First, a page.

Four Basics to follow for Everyday Data Security
One of the biggest questions we get from clients and prospects is “What can we do to protect ourselves from cyber attacks?” It is a sensible concern. A cyber attack that freezes operations or seizes data can ultimately shut a company down for good. There are some basic, simple things you can do to protect your company and there are more sophisticated tools available. In this blog, we look over a spectrum of 4 things you can do to improve your data security, from the simple to the high tech.
- Employee training – It may seem so simple, but training your employees on an ongoing basis about their role in cyber security may be the best thing you can do. Why? Because well-meaning people do things when they get near a computer that can be very risky.
Simple things like forbidding the use of external storage devices being brought to the workplace. One of the more notorious data breaches occurred because a subcontractor employee–who had access to a large corporation’s IT infrastructure–found a thumb drive in the parking lot and plugged it in to see what was on it. Beyond that, simple phishing scams are still very effective at tricking people into opening nefarious websites. Ask your MSP for guidance on creating ongoing training programs that explain phishing scams and similar tricks and instruct everyone how to avoid them. Do it on a regular basis. It is easy to forget and let your guard down.
- Software updates – This one is also basic, but it carries a lot of value. Each time you receive a notice about a software update, stop and do it then. Don’t put it off until tomorrow. These updates not only provide new, improved features. They often provide fixes to vulnerabilities in the software or address threats and viruses that have developed.
- Zero day alerts – Zero Day alerts are kind of like a neighborhood crime alert. You are busy running your own company and your time is not spent tracking the latest threats developing out there in the cyber world. Your MSP may offer text or email alerts about new threats and how to protect yourself from them.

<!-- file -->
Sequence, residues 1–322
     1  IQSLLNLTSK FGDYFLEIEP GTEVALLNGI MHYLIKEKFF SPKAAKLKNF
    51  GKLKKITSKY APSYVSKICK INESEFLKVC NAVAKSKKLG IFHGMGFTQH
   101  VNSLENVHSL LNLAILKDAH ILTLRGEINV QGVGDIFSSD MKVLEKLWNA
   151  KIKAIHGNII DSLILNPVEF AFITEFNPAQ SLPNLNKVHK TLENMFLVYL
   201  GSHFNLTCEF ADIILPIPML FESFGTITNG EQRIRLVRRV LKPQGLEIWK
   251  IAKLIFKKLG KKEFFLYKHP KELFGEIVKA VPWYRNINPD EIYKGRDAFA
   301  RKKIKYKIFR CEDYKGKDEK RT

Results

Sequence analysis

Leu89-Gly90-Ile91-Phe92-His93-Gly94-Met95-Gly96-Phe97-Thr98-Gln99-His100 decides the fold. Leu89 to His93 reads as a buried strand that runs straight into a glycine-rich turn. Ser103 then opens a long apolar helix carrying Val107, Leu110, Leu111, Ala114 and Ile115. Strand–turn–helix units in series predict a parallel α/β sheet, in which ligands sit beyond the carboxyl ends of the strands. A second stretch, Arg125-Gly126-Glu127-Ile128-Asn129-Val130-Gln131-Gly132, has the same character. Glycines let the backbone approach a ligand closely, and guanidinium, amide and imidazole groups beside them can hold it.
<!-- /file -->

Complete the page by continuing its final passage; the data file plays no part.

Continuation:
- Finally, there is a more complex, after the fact, security precaution you can take. Cyber insurance. Cyber insurance may be able to cover some or most of the losses incurred as a result of a security breach. It won’t defend your data proactively, but, should the worst happen, it may provide protection against loss revenue and damages. Standard commercial property insurance policies do not generally include provisions for the damages from cybercrime. In a growing number of commercial policies, they are specifically excluded. As a result, executives who recognize the catastrophic damage that a cyberattack can inflict on their business are looking at cyber insurance to transfer the financial losses to a third party. However, there are some pretty deep weeds to get into when looking for a cyber insurance policy. Just for one example, some policies may create requirements and security standards you must meet before an event will be considered a covered loss. A Managed Service Provider can offer guidance into whether this is an avenue to explore.
So there you have it. You have to protect your organization from the threats and consequences of data losses due to a security breach.